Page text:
FIG. 4 illustrates the use of a prepreg according to a fourth embodiment of the invention for the manufacturing of a root canal post 12. In this embodiment, a bundle of long continuous fibers 13 are surrounded with a braid 14, which is impregnated with a thick matrix comprising photo-initiators. The surface of the braid 14 is treated with a solvent so that a porous fiber structure is revealed. The porous fiber structure increases bonding which is essential in the crown end of the post. Bioactive or therapeutically active elements such as bioactive glass fillers can also be included in the porous surface of the root channel. Before cementing the post into the root channel, the post is reimpregnated with dental cement.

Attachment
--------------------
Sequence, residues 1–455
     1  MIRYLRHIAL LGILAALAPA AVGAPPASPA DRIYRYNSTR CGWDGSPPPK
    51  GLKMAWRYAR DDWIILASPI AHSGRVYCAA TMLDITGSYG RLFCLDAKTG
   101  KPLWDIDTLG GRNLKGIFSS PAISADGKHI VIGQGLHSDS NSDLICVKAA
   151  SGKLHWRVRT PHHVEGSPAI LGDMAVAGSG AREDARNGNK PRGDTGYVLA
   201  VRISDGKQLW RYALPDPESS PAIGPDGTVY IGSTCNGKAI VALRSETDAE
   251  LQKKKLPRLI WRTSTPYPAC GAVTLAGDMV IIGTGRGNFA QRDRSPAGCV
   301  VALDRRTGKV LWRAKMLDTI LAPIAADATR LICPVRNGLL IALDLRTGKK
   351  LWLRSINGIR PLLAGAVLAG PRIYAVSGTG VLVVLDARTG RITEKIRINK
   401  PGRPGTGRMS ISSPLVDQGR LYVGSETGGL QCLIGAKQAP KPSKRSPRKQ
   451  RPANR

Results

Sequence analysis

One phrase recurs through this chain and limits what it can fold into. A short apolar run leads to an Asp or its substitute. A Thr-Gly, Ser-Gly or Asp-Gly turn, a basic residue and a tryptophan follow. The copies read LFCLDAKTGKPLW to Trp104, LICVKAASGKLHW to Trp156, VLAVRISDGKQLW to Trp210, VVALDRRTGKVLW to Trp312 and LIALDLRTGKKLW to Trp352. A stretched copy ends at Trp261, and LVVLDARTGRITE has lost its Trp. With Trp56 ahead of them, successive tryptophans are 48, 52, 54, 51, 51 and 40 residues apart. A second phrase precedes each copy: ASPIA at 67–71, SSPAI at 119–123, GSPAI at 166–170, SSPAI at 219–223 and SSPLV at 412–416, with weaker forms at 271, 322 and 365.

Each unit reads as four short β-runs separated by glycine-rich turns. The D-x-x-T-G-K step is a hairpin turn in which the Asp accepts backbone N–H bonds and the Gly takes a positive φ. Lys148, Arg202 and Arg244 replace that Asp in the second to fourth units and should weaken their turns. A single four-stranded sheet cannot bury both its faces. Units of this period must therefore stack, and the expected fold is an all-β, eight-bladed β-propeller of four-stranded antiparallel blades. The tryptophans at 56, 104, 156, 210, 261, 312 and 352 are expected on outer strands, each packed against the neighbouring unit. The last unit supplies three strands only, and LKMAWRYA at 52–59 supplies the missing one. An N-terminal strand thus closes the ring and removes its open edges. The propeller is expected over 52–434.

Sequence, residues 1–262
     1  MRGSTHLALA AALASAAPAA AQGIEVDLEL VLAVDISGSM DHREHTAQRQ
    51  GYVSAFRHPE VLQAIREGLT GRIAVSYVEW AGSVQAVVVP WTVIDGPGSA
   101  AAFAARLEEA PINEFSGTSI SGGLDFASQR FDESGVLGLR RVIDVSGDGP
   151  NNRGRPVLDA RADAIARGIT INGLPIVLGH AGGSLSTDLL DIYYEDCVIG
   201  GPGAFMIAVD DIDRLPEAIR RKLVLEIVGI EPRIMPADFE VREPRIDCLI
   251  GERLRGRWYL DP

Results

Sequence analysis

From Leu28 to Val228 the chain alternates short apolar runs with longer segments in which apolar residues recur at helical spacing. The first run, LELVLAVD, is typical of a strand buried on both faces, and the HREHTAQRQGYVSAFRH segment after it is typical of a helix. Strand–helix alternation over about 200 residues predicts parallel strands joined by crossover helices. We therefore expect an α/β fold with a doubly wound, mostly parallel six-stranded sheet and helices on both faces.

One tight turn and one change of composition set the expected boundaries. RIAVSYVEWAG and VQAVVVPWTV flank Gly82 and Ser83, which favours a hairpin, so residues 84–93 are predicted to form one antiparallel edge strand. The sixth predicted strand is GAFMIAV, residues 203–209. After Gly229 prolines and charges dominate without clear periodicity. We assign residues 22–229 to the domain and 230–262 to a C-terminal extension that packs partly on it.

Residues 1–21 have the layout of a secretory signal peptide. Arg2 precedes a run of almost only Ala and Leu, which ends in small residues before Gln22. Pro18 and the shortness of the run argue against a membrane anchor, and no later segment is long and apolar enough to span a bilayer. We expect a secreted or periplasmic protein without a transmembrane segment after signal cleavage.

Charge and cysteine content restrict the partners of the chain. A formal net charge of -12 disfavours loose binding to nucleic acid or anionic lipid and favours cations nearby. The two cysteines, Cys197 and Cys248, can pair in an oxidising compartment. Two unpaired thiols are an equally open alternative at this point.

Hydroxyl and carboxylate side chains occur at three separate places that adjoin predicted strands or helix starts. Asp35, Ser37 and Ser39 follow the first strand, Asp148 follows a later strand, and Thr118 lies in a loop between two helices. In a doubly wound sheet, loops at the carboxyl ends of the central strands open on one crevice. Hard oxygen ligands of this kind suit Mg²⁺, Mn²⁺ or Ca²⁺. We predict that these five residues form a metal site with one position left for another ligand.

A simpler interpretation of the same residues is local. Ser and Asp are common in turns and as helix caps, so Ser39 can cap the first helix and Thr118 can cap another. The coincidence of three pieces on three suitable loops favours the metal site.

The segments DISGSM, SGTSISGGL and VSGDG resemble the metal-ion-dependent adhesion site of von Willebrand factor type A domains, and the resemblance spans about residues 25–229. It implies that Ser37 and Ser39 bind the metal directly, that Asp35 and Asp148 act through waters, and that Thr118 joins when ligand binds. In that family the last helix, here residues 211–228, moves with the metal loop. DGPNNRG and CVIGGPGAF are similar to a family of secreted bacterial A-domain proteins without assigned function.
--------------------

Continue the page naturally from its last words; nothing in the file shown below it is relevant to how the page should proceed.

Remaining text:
FIG. 5 illustrates the use of a prepreg according to a fifth embodiment of the invention as a hip prosthesis. In this embodiment, the prepreg comprises a core 15 comprising of a long continuous E-glass fiber rowing. This core 15 is surrounded with a three-dimensional fabric made of suitable fibers and the core and the fabric are tied together with fiber yarn. The obtained preformed hip prosthesis is impregnated with a thick matrix, and the fiber surface is revealed as explained above, by using a suitable solvent. The prepreg is then polymerised in the desired shape to form a composite. The fibers of the surface part 16 are then coated with hydroxyapatite and the surface part may then be further impregnated with a particulate filler consisting of bioactive glass.